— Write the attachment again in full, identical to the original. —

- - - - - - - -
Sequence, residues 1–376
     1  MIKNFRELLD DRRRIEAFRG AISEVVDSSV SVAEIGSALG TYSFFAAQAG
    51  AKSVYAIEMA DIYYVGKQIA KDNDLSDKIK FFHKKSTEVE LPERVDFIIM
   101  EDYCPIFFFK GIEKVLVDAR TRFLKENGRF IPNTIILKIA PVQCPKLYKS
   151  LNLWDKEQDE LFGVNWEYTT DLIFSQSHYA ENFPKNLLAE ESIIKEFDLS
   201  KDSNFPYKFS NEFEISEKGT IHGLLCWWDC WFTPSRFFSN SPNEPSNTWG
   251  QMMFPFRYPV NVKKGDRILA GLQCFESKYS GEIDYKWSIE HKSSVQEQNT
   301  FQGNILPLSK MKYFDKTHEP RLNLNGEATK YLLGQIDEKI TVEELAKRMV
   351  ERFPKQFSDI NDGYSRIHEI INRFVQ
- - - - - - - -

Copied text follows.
Sequence, residues 1–376
     1  MIKNFRELLD DRRRIEAFRG AISEVVDSSV SVAEIGSALG TYSFFAAQAG
    51  AKSVYAIEMA DIYYVGKQIA KDNDLSDKIK FFHKKSTEVE LPERVDFIIM
   101  EDYCPIFFFK GIEKVLVDAR TRFLKENGRF IPNTIILKIA PVQCPKLYKS
   151  LNLWDKEQDE LFGVNWEYTT DLIFSQSHYA ENFPKNLLAE ESIIKEFDLS
   201  KDSNFPYKFS NEFEISEKGT IHGLLCWWDC WFTPSRFFSN SPNEPSNTWG
   251  QMMFPFRYPV NVKKGDRILA GLQCFESKYS GEIDYKWSIE HKSSVQEQNT
   301  FQGNILPLSK MKYFDKTHEP RLNLNGEATK YLLGQIDEKI TVEELAKRMV
   351  ERFPKQFSDI NDGYSRIHEI INRFVQ